As the world’s largest free dating site, Plenty Of Fish would like to be able to match with and allow users to search for people with similar interests. However, we allow our users to enter their interests as free text on their profiles. This presents a difficult problem in clustering, search and machine learning if we want to move beyond simple ‘exact match’ solutions to a deeper archetypal user profiling and thematic search system. Some of the common issues that arise are misspellings, synonyms (e.g. biking, cycling and bicycling) and similar interests (e.g. snowboarding and skiing) on a several million user scale. In this talk I will demonstrate how we built a system utilizing topic modelling with Latent Dirichlet Allocation (LDA) on a several hundred thousand word vocabulary over ten million+ North American users and explore its applications at POF.

 

Bio

Thomas Levi started out with a doctorate in Theoretical Physics and String Theory from the University of Pennsylvania in 2006. His post-doctoral studies in cosmology and string theory, where he wrote 19 papers garnering 650+ citations, then took him to NYU and finally UBC.  In 2012, he decided to move into industry, and took on the role of Senior Data Scientist at POF. Thomas has been involved in diverse projects such as behaviour analysis, social network analysis, scam detection, Bot detection, matching algorithms, topic modelling and semantic analysis.

 

Schedule
• 6:00PM Doors are open, feel free to mingle
• 6:30 Presentations start
• 8:00 Off to a nearby watering hole (Mr. Brownstone?) for a pint, food, and/or breakout discussions

Machine Learning and Applied Statistics Lesson of the Day – The Line of No Discrimination in ROC Curves

After training a binary classifier, calculating its various values of sensitivity and specificity, and constructing its receiver operating characteristic (ROC) curve, we can use the ROC curve to assess the predictive accuracy of the classifier.

A minimum standard for a good ROC curve is being better than the line of no discrimination.  On a plot of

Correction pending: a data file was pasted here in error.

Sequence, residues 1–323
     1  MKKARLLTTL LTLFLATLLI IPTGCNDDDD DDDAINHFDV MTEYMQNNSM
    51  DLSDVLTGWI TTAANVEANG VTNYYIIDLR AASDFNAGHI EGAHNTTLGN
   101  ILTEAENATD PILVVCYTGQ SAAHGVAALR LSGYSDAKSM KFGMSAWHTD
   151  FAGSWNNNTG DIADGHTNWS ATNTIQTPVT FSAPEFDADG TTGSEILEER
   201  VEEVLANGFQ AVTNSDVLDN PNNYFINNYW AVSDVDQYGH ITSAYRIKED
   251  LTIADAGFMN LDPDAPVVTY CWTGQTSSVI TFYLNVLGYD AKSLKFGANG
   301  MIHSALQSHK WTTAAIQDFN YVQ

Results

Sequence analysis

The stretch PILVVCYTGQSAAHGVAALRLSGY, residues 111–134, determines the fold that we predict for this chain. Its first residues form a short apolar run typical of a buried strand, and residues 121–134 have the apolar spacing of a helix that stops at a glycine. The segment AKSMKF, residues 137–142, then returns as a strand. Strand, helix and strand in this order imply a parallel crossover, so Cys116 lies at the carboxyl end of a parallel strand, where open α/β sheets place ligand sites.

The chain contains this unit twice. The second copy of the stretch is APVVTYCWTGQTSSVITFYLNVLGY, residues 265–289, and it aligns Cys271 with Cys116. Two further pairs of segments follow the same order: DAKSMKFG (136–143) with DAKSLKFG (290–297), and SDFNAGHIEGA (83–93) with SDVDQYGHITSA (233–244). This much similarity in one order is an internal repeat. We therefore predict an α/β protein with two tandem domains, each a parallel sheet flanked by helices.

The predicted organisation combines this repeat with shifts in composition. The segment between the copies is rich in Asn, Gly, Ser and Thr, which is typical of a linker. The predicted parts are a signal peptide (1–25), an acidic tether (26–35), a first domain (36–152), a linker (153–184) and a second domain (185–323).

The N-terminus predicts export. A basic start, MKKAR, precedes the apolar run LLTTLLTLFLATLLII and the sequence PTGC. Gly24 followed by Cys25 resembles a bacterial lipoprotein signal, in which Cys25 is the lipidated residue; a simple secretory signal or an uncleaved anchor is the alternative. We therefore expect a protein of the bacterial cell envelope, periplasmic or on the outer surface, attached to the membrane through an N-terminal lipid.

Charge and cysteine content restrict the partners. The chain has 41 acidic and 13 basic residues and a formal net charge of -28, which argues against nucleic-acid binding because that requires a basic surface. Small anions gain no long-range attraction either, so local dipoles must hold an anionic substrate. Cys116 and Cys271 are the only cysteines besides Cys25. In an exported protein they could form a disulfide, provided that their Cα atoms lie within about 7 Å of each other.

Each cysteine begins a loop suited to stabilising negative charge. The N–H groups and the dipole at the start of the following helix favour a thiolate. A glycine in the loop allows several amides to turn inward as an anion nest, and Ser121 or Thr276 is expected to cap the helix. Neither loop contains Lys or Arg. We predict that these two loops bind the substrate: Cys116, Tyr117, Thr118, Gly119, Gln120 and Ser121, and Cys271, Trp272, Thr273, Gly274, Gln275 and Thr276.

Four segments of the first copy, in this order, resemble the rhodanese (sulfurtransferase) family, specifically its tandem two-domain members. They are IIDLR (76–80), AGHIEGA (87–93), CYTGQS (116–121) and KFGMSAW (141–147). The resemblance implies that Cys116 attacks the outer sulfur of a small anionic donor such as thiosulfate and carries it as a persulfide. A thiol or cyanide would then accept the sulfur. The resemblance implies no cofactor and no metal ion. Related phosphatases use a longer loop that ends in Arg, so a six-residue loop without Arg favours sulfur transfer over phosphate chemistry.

\text{Sensitivity}

on the vertical axis and

1 - \text{Specificity}

on the horizontal axis, the line of no discrimination is the line that passes through the points

(\text{Sensitivity} = 0, 1 - \text{Specificity} = 0)

and

(\text{Sensitivity} = 1, 1 - \text{Specificity} = 1).

In other words, the line of discrimination is the diagonal line that runs from the bottom left to the top right.  This line shows the performance of a binary classifier that predicts the class of the target variable purely by the outcome of a Bernoulli random variable with 0.5 as its probability of attaining the “Success” category.  Such a classifier does not use any of the predictors to make the prediction; instead, its predictions are based entirely on random guessing, with the probabilities of predicting the “Success” class and the “Failure” class being equal.

If we did not have any predictors, then we can rely on only random guessing, and a random variable with the distribution \text{Bernoulli}(0.5) is the best that we can use for such guessing.  If we do have predictors, then we aim to develop a model (i.e. the binary classifier) that uses the information from the predictors to make predictions that are better than random guessing.  Thus, a minimum standard of a binary classifier is having an ROC curve that is higher than the line of no discrimination.  (By “higher“, I mean that, for a given value of 1 - \text{Specificity}, the \text{Sensitivity} of the binary classifier is higher than the \text{Sensitivity} of the line of no discrimination.)

Machine Learning and Applied Statistics Lesson of the Day – Sensitivity and Specificity

To evaluate the predictive accuracy of a binary classifier, two useful (but imperfect) criteria are sensitivity and specificity.

Sensitivity is the proportion of truly positives cases that were classified as positive; thus, it is a measure of how well your classifier identifies positive cases.  It is also known as the true positive rate.  Formally,

\text{Sensitivity} = \text{(Number of True Positives)} \ \div \ \text{(Number of True Positives + Number of False Negatives)}

 

Specificity is the proportion of truly negative cases that were classified as negative; thus, it is a measure of how well your classifier identifies negative cases.  It is also known as the true negative rate.  Formally,

\text{Specificity} = \text{(Number of True Negatives)} \ \div \ \text{(Number of True Negatives + Number of False Positives)}

Machine Learning Lesson of the Day – Linear Gaussian Basis Function Models